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Can my Employer Cut my Health Benefits after I Retire?

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Xerox Retiree Claims Company Broke its Promise to Cover Cost of Health Insurance

Rochester, NYVollmer v. Xerox Corp., an ERISA lawsuit pending in the Western District of New York, raises a question that weighs heavily on the minds of many retirees. Can an employer offer a valuable incentive to encourage workers to retire and then unilaterally change the deal after the employee is out the door? 

The latest turn in this class action lawsuit has Xerox seeking to trim its potential liability by limiting the class of retirees who may sue. The court has yet to reach the central question, though.

When is a promise a promise? As with all things ERISA, the answer is complicated.

The Vollmer’s Claim       


Paul Vollmer was employed by Xerox from 1964 to January 1987, when he chose to take early retirement under the Xerox Corporation 1986 Early Retirement Plan (the “ERP”).  At the time, Xerox was attempting to cut costs by reducing the size of its workforce.

Under the terms of the ERP, Vollmer and his wife, Marilyn, would be eligible for health and dental care coverage under the Xerox Medical Care Plan for Retired Employees and the Xerox Dental Care Plan (collectively the “Old Plan”). The terms of the Old Plan were undeniably generous.

The official summary of the medical portion of the Old Plan, states:

“Your Xerox Medical Plan costs you nothing. It is not a contributory plan; there are no deductions from your pay to cover the cost. Xerox assumes the full cost of the plan. Benefits and Administration. [sic].”

Similarly, the official summary of the dental portion of the Old Plan states that:

“Xerox is directly involved – and here the Dental Care mirrors the Medical Plan. There are no deductions from your pay for this Plan. … Xerox provides the money for benefits as well as administration.”

Significantly, the terms of the Old Plan do not reserve to Xerox the right to change its terms at a later date. Later versions of the Medical and Dental plans include a statement that “the Company, at its discretion, may at any time terminate any of these plans and policies or the statements made in this booklet.”

The ERP


The Vollmers’ rights to benefits under the Old Plan comes via the ERP.  There was a lot of written communication, both more and apparently less official, about the terms of the ERP. Some of these communications appear to require participants in the ERP to share the cost of premiums and deductibles.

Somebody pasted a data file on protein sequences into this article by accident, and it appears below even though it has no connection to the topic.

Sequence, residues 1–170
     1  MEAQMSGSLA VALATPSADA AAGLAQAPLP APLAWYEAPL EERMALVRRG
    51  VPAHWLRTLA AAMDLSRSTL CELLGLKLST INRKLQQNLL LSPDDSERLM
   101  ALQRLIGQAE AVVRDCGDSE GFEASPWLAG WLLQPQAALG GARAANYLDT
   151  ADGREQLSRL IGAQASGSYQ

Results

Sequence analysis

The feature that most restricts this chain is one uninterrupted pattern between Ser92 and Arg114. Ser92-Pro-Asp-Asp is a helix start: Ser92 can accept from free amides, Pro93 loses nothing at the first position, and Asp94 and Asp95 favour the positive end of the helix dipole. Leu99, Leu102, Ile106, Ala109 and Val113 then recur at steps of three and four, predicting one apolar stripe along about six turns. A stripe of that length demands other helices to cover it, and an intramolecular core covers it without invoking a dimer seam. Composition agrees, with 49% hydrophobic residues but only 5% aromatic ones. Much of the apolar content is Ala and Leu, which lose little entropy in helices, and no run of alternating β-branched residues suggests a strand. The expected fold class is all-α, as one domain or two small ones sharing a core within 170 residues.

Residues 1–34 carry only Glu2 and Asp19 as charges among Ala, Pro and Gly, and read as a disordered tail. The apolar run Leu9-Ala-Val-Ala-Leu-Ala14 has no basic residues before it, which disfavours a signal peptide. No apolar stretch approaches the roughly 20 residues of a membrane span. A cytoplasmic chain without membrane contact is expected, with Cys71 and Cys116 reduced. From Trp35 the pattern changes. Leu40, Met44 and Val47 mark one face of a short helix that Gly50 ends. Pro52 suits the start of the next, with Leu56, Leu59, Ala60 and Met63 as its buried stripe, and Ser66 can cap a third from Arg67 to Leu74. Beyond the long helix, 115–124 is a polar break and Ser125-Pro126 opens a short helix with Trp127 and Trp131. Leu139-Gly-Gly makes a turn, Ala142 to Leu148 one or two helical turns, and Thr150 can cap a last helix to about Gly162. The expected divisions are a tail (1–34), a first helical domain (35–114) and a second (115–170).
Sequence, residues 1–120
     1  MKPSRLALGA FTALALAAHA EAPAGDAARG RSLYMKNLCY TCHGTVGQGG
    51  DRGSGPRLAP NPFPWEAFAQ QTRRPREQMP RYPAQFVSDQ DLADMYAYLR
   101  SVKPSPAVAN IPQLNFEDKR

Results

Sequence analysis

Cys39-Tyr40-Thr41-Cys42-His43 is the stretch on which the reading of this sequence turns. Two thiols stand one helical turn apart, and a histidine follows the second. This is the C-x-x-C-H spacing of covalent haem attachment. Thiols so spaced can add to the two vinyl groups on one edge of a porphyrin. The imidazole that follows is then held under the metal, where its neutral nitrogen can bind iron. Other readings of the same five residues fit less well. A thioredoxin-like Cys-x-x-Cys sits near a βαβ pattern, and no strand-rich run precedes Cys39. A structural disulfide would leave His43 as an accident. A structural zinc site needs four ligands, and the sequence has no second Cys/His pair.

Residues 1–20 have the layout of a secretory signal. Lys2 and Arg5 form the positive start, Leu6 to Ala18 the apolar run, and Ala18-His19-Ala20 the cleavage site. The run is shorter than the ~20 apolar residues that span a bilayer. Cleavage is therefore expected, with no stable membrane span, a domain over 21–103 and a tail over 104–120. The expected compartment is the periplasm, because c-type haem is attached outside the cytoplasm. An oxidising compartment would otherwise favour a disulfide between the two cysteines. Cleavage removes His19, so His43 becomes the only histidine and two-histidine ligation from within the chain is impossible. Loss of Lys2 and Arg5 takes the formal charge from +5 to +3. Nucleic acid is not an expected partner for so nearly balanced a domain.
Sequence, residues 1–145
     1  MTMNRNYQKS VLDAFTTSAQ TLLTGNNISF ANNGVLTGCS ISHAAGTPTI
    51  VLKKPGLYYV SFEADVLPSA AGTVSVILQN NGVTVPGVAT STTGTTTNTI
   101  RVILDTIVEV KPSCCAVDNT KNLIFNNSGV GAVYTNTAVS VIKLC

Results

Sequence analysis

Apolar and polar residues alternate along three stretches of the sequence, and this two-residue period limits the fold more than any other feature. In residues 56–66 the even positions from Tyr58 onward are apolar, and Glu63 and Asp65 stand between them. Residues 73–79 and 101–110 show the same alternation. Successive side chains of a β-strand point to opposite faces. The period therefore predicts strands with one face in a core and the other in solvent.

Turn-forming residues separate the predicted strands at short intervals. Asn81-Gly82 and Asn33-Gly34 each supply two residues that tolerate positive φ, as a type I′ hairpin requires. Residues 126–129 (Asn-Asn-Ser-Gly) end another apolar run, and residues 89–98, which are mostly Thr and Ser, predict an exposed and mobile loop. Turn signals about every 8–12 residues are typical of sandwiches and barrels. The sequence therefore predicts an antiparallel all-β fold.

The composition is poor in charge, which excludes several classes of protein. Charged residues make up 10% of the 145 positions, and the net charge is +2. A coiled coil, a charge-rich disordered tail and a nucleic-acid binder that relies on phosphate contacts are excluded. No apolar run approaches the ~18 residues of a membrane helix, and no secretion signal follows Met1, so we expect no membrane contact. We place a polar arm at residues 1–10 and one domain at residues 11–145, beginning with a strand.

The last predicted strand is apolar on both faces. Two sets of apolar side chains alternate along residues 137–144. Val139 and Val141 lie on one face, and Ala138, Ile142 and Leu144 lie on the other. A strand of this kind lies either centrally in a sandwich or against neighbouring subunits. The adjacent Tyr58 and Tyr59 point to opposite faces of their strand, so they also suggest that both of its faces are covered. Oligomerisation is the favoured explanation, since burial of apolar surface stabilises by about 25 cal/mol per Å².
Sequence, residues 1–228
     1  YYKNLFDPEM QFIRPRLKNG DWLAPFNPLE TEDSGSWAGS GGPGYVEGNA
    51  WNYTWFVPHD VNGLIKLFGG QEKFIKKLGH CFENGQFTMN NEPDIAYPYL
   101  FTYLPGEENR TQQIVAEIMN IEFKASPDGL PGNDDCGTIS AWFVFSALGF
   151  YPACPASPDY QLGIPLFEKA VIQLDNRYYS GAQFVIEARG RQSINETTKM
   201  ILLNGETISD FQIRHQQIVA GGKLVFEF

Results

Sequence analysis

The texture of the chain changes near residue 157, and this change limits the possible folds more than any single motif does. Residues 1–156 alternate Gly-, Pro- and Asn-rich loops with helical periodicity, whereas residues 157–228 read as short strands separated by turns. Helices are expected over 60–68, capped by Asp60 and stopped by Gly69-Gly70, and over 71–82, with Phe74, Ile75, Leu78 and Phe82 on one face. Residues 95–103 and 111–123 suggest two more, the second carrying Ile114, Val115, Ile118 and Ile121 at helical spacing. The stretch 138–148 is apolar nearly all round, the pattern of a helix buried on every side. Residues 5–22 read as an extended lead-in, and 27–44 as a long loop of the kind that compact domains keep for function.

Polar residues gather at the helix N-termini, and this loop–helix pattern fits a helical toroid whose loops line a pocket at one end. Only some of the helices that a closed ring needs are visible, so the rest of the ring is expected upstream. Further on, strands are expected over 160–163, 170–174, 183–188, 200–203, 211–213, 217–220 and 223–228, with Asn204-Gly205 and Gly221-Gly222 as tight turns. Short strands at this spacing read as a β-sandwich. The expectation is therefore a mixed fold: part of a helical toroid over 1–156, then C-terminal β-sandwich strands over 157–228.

In October 25, 2018, the Vollmers received letters informing them that they would have to pay premiums for their medical and dental coverage, of $260.47 each. In late 2019 their premiums were increased to $282.32. In October 2020, they were informed that their cost sharing would increase to 60% and their premiums would go up to $313.40 each.

They brought an ERISA lawsuit under both the fiduciary breach provisions of the law and against the fiduciaries for failing to administer the plan under its express terms. In an earlier attempt to limit its potential liability, Xerox moved and was successful in having the first claim dismissed as time-barred. All that remains at this stage are the explicitly document-based claims.

How Secure are my Health Care Benefits after Retirement?


According to the Department of Labor:

“[P]rivate-sector employers are not required to promise retiree health benefits. Furthermore, when employers do offer retiree health benefits, nothing in federal law prevents them from cutting or eliminating those benefits--unless they have made a specific promise to maintain the benefits.” (Emphasis added.)

The DOL suggests that workers who are contemplating retirement focus on the official summary of the plan document, known as the Summary Plan Description, or SPD. Three questions are important:

First, does the SPD or other plan documents promise that health benefits after retirement will continue at a specified level for a certain period of time? If there is no specific language describing retiree health benefits in your plan documents, it is unlikely that you have guaranteed coverage.

Second, how specific is the language that appears to promise benefits for a specified period of time? The following example has been found to bind an employer to lifetime coverage: “Basic health care coverage will be provided at the company’s expense for your lifetime.”

Finally, has your employer reserved the right to change or terminate that specific promise or to amend or terminate the entire plan? A typical provision reads: “The company reserves the right to modify, revoke, suspend, terminate or change the program, in whole or in part, at any time.”

How the Vollmers’ ERISA lawsuit will be decided (or on what terms it may settle) has yet to be resolved. If you have questions about your own employer-provided health benefits in retirement, it would be a very good idea to seek experienced legal advice before making any moves that may jeopardize your retirement security.

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Wrong is wrong with the judges these days they won’t give you the time of day they forgetting we citizens pay there salaries

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